Linear Programming in Python with PuLP

Update: a much better solution is to use CVXOPT. See this follow-up post for details.

In this post, we will see how to solve a Linear Program (LP) in Python. As an example, we suppose that we have a set of affine functions \(f_i({\bf x}) = a_i + {\bf b}_i^\top {\bf x}\), and we want to make all of them as small as possible, that is to say, to minimize their maximum. We will formulate this problem as an LP program, see how to solve it in Python using the PuLP library, and finally compare the performances of three LP solvers. As bonus, you will also find installation instructions for CoinMP in the end, since it is not straightforward.

PuLP setup

On Debian or Ubuntu, installing PuLP is relatively easy:

$ sudo pip install pulp            # PuLP
$ sudo apt-get install glpk-utils  # GLPK
$ sudo apt-get install coinor-cbc  # CoinOR

From there, you should be able to import pulp from Python.

Linear Problem

We can generate a random instance of our linear problem as follows:

from pylab import dot, random
n = 50
a = 2. * random(n) - 1.
B = 2. * random((n, n)) - 1.
f = lambda (i, x): a[i] + dot(B[i], x)
objective = lambda x: max([f(i, x) for i in range(n)])

The goal is now to find a vector \({\bf x}\) of length \(n\) such that \(\mathrm{objective}({\bf x})\) attains its minimum value. We turn this into an LP problem by introducing an additional variable \(m\) to represent the maximum:

\begin{equation*} \begin{array}{rl} \textrm{minimize} & m \\ \textrm{subject to} & \forall i, \ a_i + \sum_j b_{ij}\,x_j \leq m \\ & \forall i, x_\min \leq x_i \leq x_\max \\ \end{array} \end{equation*}

The objective is now to find a couple \(({\bf x}, m)\) such that all constraints are satisfied and \(m\) is as small as possible. Note that I added the constraint that \({\bf x} \in [x_\min, x_\max]^n\), just for fun. Here is a Python function that solves this LP using PuLP:

import pulp

def solve_minmax(n, a, B, x_min=None, x_max=None):
    x = pulp.LpVariable.dicts("x", range(n + 1), x_min, x_max)
    lp_prob = pulp.LpProblem("Minmax Problem", pulp.LpMinimize)
    lp_prob += pulp.lpSum([x[n]]), "Minimize_the_maximum"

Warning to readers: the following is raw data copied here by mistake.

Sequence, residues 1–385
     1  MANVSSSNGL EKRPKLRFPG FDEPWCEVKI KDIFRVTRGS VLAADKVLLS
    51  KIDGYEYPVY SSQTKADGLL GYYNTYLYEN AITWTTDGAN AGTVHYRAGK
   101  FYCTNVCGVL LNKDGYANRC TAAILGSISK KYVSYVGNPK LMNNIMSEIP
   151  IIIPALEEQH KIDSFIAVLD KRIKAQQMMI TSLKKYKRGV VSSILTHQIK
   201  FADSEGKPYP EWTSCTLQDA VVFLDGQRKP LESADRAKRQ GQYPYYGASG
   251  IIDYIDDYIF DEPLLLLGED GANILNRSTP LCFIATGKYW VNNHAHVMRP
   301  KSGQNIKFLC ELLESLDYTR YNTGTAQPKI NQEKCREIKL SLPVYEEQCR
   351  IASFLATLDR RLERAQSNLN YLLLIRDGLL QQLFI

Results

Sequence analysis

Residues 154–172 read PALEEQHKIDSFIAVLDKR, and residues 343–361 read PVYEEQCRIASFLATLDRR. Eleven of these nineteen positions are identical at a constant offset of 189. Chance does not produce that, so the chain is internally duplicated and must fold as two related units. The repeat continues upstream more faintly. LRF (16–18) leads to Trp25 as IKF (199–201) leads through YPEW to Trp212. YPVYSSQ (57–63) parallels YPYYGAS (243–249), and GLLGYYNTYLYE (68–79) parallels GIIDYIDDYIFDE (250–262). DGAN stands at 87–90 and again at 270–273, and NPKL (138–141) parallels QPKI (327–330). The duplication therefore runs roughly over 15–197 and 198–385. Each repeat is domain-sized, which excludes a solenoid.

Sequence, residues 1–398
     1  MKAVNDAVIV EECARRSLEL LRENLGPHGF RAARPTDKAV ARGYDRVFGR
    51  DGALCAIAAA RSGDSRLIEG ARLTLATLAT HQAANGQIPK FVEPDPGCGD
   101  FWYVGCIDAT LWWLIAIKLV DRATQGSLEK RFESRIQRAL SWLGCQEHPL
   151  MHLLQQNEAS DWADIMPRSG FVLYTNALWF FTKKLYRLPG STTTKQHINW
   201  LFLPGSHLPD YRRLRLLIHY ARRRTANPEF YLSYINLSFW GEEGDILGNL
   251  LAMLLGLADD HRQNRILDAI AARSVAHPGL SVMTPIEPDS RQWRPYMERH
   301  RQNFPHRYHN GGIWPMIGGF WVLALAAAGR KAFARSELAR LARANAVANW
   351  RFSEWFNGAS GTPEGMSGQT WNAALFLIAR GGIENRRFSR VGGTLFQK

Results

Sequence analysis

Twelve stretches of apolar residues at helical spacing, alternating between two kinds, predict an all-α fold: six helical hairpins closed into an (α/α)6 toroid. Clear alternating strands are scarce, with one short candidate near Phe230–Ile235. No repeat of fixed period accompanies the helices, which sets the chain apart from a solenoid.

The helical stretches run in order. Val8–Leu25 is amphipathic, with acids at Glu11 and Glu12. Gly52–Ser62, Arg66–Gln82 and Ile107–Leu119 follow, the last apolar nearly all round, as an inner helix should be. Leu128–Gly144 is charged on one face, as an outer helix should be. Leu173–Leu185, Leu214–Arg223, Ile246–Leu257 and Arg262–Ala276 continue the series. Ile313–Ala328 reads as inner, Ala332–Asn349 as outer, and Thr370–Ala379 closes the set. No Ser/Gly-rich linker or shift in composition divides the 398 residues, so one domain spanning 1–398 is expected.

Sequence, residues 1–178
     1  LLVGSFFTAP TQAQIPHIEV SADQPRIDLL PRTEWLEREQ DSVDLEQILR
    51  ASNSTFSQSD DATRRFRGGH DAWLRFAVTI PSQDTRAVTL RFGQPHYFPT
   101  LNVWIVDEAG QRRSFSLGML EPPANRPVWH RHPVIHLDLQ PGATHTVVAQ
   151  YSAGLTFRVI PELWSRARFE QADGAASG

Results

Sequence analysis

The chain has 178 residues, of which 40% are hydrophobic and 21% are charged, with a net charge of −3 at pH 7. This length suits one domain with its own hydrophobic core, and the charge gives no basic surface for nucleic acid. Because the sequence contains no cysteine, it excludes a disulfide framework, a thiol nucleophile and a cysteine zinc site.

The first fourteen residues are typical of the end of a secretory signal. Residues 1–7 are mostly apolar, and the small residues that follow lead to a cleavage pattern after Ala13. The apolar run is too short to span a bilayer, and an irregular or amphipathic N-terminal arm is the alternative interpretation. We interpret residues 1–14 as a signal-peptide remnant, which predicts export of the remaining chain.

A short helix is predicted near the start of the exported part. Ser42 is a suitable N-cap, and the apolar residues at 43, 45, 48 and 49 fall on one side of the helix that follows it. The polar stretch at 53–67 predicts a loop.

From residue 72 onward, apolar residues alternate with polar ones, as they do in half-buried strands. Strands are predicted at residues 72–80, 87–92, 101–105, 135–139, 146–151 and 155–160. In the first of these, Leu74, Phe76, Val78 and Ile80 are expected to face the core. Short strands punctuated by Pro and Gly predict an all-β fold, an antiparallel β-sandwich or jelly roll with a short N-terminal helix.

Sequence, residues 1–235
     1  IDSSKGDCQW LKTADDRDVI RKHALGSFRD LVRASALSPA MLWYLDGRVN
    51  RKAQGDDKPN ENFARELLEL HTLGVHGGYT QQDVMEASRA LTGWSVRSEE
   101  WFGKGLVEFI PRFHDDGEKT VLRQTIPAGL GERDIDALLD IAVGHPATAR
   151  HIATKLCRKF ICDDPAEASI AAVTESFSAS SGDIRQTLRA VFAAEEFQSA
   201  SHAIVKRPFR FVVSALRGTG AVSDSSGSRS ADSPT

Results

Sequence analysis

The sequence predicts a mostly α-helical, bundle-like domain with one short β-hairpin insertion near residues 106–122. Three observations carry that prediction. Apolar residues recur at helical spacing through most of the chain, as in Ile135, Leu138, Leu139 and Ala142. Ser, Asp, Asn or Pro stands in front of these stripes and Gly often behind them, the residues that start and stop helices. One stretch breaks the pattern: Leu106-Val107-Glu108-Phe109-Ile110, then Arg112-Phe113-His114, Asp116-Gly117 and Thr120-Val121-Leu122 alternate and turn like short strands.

for i in range(n):
        label = "Max_constraint_%d" % i
        dot_B_x = pulp.lpSum([B[i][j] * x[j] for j in range(n)])
        condition = pulp.lpSum([x[n]]) >= a[i] + dot_B_x
        lp_prob += condition, label

    lp_prob.writeLP("MinmaxProblem.lp")  # optional
    lp_prob.solve()

    print "Status:", pulp.LpStatus[lp_prob.status]
    for v in lp_prob.variables():
        print v.name, "=", v.varValue
    print "Total Cost =", pulp.value(lp_prob.objective)

Note that we encoded the additional variable \(m\) as \({\bf x}_n\). Also, setting x_min and x_max to None will disable the lower- and upper-bound constraints.

Using various LP solvers

PuLP is actually a wrapping library that generates input files for various LP solvers, for instance GLPK or COIN. To check what solvers are available on your machine, run:

In [31]: pulp.pulpTestAll()
Solver pulp.solvers.PULP_CBC_CMD unavailable.
Solver pulp.solvers.CPLEX_DLL unavailable.
Solver pulp.solvers.CPLEX_CMD unavailable.
Solver pulp.solvers.CPLEX_PY unavailable.
    Testing zero subtraction
    Testing continuous LP solution
    Testing maximize continuous LP solution
    ...
* Solver pulp.solvers.COIN_CMD passed.
Solver pulp.solvers.COINMP_DLL unavailable.
    Testing zero subtraction
    Testing continuous LP solution
    Testing maximize continuous LP solution
    ...
* Solver pulp.solvers.GLPK_CMD passed.
Solver pulp.solvers.XPRESS unavailable.
Solver pulp.solvers.GUROBI unavailable.
Solver pulp.solvers.GUROBI_CMD unavailable.
Solver pulp.solvers.PYGLPK unavailable.
Solver pulp.solvers.YAPOSIB unavailable.